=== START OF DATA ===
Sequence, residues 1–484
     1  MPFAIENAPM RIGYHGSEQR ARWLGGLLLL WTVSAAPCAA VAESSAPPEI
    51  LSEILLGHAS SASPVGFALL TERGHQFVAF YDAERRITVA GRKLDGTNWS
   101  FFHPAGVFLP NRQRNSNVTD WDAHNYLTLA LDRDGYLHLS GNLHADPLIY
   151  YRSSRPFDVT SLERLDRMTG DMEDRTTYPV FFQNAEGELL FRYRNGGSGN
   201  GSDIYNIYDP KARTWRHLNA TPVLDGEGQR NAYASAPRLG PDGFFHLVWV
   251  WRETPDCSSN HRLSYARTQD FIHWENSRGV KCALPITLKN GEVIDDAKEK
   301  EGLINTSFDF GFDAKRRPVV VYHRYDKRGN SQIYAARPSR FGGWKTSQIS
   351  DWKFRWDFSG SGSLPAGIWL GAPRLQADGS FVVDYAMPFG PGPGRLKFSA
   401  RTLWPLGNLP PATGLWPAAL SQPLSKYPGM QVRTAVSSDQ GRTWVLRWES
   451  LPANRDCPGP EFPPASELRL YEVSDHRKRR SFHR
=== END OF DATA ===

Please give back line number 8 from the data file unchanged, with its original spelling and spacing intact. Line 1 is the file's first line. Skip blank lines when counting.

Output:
   301  EGLINTSFDF GFDAKRRPVV VYHRYDKRGN SQIYAARPSR FGGWKTSQIS